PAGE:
Vertica Blog

Vertica Blog

Best Practices

Using sed to Handle Empty String NULL Values Enclosed in Control Characters

You can load data files into a Vertica table using the COPY command. Your data can be delimited and separated by control characters. Unfortunately if you also enclose NULL values as an empty string, you might run into a data cast issue. Example: One work around is to clean up the source file using the...

Tracking the Current Transaction Start Date and Time

The built-in Vertica function TRANSACTION_TIMESTAMP returns a value of type TIME WITH TIMEZONE, which represents the start of the current transaction. It’s very useful for keeping track of when the transaction started for a group of table inserts. Example: dbadmin=> INSERT INTO test SELECT 1, SYSDATE, TRANSACTION_TIMESTAMP(); OUTPUT -------- 1 (1 row) dbadmin=> INSERT INTO...

Single Sign-On for Support: New Login for Passport Users

As part of the Micro Focus ongoing IT transformation, we have consolidated single sign-on systems to improve your experience of interacting with Micro Focus. All Passport users need to create a new account. To maintain your current access rights, you need to register with the same e-mail address you used with passport. If you use...
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Data Day Texas: Keep Your Architecture Open and Avoid Mindset Lock-in

Data Day Texas is an event in Austin that was started about nine years ago by an old acquaintance of mine, Lynn Bender, who founded Global DataGeeks. The one big theme that struck me this year as running through the whole conference was the highly cooperative landscape that has developed between proprietary and open source...
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Another Way to De-Duplicate Table Rows: Quick Tip

To remove duplicate table rows it is typically better (i.e. faster) to create a temporary table that contains all of the distinct rows from a table, drop the original table, then rename the temp table to the original table’s name. The issue with that solution is that you’ll need to be sure that the original...

Combining Functions to Extract Discrete Data From a String: Quick Tip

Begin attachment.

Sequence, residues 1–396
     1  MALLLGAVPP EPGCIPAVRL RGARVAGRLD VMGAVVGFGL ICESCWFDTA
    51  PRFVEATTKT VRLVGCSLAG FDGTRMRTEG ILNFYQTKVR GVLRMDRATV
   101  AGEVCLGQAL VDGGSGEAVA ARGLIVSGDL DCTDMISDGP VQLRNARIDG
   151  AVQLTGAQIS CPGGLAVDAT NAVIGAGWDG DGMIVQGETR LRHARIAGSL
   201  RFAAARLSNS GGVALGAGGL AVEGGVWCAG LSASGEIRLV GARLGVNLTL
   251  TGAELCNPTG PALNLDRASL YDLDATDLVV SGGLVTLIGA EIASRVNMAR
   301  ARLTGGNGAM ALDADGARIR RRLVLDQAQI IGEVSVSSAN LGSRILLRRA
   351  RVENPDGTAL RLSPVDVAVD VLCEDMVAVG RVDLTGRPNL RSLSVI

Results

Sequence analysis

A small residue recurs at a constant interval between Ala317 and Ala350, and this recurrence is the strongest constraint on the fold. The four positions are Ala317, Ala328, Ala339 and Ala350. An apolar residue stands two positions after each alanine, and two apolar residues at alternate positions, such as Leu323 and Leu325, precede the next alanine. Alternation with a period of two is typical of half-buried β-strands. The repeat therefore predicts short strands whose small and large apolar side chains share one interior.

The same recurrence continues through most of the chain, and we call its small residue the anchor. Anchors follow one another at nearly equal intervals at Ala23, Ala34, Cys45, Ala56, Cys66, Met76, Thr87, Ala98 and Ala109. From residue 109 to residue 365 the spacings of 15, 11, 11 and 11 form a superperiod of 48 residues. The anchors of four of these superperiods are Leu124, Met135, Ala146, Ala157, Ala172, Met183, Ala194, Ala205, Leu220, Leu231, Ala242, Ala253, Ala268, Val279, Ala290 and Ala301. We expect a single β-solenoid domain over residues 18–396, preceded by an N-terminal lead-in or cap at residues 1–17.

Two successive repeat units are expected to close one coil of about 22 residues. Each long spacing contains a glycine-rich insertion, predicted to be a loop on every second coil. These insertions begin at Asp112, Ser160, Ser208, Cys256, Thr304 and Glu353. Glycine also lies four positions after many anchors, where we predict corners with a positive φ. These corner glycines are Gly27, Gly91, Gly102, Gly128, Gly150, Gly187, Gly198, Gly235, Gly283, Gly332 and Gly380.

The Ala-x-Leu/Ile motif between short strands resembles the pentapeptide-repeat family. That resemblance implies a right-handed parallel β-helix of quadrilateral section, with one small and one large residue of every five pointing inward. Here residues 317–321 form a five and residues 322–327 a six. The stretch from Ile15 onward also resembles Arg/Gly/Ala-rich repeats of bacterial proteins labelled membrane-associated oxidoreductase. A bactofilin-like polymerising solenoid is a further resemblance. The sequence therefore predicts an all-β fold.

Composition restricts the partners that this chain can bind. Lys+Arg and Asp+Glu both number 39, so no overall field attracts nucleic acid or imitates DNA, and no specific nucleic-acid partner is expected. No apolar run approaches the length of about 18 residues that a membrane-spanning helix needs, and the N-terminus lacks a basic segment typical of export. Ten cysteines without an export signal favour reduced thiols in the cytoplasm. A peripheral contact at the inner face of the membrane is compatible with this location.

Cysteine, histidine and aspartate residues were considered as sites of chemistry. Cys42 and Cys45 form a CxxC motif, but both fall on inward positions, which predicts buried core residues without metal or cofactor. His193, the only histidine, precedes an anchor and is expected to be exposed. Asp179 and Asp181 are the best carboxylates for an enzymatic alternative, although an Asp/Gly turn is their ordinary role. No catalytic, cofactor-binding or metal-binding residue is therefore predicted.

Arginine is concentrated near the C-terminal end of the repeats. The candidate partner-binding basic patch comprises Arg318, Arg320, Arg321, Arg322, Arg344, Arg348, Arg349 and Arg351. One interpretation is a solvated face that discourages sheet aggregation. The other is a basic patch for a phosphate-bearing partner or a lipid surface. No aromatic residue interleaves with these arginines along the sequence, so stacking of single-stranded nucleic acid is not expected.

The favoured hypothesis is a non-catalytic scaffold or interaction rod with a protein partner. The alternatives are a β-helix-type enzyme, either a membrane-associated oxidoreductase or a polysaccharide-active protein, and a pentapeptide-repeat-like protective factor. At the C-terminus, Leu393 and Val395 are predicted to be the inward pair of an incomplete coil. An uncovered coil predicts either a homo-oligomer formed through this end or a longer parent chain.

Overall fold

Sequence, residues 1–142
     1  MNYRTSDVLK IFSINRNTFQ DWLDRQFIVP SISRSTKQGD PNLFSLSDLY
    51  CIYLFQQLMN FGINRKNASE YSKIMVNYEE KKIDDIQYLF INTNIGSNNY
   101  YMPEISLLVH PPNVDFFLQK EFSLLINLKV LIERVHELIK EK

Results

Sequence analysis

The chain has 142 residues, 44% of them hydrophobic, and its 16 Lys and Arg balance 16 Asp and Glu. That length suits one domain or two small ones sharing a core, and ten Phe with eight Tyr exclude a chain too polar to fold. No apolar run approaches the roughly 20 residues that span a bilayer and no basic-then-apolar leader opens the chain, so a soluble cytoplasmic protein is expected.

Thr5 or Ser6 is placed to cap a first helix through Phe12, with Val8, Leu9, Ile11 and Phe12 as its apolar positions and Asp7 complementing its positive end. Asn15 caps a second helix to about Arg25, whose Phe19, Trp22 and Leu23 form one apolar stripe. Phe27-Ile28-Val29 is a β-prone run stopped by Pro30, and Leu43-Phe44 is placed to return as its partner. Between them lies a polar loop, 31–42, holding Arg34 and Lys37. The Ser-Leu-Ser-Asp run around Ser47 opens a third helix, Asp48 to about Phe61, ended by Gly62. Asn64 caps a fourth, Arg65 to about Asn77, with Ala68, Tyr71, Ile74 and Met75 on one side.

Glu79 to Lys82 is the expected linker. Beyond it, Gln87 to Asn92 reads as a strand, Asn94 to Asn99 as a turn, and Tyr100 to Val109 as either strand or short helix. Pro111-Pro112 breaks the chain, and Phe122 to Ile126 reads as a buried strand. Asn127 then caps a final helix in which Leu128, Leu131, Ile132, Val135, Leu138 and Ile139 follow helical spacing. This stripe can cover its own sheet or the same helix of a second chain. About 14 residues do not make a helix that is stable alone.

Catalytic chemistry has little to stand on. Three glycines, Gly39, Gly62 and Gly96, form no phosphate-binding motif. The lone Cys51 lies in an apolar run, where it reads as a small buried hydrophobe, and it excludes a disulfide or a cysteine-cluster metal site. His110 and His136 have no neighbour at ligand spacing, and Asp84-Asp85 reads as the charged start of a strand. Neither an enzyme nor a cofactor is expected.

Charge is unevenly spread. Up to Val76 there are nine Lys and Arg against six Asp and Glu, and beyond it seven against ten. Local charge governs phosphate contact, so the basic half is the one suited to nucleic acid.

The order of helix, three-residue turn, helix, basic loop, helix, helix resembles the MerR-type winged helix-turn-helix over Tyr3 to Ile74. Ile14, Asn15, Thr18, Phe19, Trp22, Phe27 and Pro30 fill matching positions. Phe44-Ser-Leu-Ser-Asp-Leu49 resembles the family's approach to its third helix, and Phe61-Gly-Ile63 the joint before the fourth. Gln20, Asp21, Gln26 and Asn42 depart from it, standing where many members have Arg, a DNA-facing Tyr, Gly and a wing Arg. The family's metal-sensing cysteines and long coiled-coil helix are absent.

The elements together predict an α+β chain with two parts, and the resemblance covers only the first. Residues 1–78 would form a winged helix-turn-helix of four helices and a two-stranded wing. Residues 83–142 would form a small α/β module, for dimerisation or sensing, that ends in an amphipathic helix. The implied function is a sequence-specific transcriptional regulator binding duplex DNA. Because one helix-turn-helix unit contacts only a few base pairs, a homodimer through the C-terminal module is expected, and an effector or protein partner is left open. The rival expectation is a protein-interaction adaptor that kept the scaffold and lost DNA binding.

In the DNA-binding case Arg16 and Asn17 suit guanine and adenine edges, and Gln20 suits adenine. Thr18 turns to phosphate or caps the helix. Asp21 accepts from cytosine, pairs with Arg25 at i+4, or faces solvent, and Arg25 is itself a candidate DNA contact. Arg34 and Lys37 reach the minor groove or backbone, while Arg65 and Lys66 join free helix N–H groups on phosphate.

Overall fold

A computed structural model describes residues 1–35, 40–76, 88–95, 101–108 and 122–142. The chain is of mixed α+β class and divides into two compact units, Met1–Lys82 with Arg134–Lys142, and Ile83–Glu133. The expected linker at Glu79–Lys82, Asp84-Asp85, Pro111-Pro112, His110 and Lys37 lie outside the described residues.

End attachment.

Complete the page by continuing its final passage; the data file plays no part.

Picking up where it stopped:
Vertica has 1000s of built-in functions including String Functions, which perform conversion, extraction, or manipulation operations on strings or return information about strings. Regular Expression Functions let you perform pattern matching on strings of characters. There is real power in combing Vertica functions to accomplish almost any task in SQL. I want to extract the...

Finding All Columns Storing Some Value: Quick Tip

A long time ago a database developer asked me how she could produce a list of all table columns in the database which store a given value. Note that she was in the process of normalizing tables and wanted to find every fact table that referenced a particular string value to replace it with a...

Viewing External Table Definitions: Quick Tip

An alternative to importing data into Vertica is to query it in place. For that we use external tables. Once an external table is created you can view its definition via the TABLES system table. Helpful Links: Have fun!

Display Tables Referenced by a View: Quick Tip

Jim Knicely authored this tip. Vertica 9.2 introduces the new VIEW_TABLES system table that shows details about view-related dependencies, including the table that reference a view, its schema, and owner. Helpful Link: Have fun!
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Calculate the Catalog Size in Memory on Each Node: Quick Tip

The RESOURCE_POOL_STATUS system table provides the current state of built-in and user-defined resource pools on each node, including memory usage. The METADATA built-in pool tracks memory allocated for catalog data and storage data structures. Knowing those two facts, we can calculate catalog memory usage on all nodes by querying the system table RESOURCE_POOL_STATUS for the...

Labeling Queries: Quick Tip

To quickly identify queries for profiling and debugging purposes, include the LABEL hint. Later you can search the QUERY_REQUESTS and QUERY_PROFILES systems table for the label! Helpful Links: Have fun!

Create a User Defined SQL Function to Calculate Fibonacci Numbers: Quick Tip

The Fibonacci Sequence is the series of numbers (i.e. 0, 1, 1, 2, 3, 5, 8, 13, 21, 34, ...) where the next number in the sequence is found by taking the sum of the previous two numbers. Calculating these numbers in SQL would be a bit complicated if it were not for the “Golden...